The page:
2010 World Cup plans scrutinised

VIENNA - The international spotlight was firmly fixed on South Africa at two media events at Euro 2008 in Vienna, Austria, where the world's media interrogated every facet of South Africa's readiness for 2010.

VIENNA - The international spotlight was firmly fixed on South Africa at two media events at Euro 2008 in Vienna, Austria, where the world's media interrogated every facet of South Africa's readiness for 2010.

The first event was an exclusive CNN face-off with Local Organising Committee chief executive Danny Jordaan, Deputy Finance Minister Jabu Moleketi, a Fifa representative as well as Moeketsi Mosola, chief executive of SA Tourism.

The second was an evening media cocktail event that included discussions about the emergence of the African player, 2010 as a catalyst for the transformation of African football as well as the preparation, legacy and work that lies ahead for 2010.

Mosola spoke to the world's journalists about the South African tourism industry's state of readiness for 2010; the legacy of 2010 for the nation and for the industry; and fears around safety and security that were impacting negatively on the industry.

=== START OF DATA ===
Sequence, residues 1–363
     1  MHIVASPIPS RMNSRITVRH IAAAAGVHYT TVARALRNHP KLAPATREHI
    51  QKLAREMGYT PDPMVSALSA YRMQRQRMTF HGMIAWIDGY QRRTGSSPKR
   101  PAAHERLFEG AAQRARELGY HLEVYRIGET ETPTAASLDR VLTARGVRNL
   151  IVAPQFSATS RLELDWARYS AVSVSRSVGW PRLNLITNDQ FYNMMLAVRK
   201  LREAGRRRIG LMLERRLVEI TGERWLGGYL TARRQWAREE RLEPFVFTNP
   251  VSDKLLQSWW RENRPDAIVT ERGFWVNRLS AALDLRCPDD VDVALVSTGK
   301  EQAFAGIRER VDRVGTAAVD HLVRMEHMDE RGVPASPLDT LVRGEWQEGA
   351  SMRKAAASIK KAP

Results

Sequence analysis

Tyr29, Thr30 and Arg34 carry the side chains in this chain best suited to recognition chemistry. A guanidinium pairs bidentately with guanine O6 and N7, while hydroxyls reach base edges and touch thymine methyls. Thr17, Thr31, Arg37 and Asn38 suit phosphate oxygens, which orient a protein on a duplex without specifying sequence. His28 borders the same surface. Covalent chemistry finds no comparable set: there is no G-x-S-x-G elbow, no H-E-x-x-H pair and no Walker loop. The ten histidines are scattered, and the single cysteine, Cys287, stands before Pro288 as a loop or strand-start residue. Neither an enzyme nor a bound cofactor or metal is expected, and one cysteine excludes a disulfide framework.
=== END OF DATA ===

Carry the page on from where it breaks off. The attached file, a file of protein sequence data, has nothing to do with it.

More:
He was joined by other distinguished speakers and panellists including footballers Lucas Radebe, Emmanuel Adebayor, Samuel Eto'o, Kalusha Bwalya and Mark Fish; Moleketi; 2010 LOC chairman Irvin Khoza; UEFA president Michel Platini; CAF President ISAA Hayatou; Sports Minister Makhenkesi Stofile; and Hans Klaus, Fifa communications director.

"We recognise the challenge that crime poses not only to our visitors, but to all South Africans," said Mosola. "We fully support the national government in its efforts to fight crime and we work closely with the global travel trade to keep tourists realistically informed about crime.

"The nation is investing heavily in crime-curtailing strategies and mechanisms. We are determined to get the better of the criminals.

"We confidently expect 10 million foreign arrivals in South Africa come 2010," he said. "Of those, no more than 500000 will come for the World Cup." - Sapa

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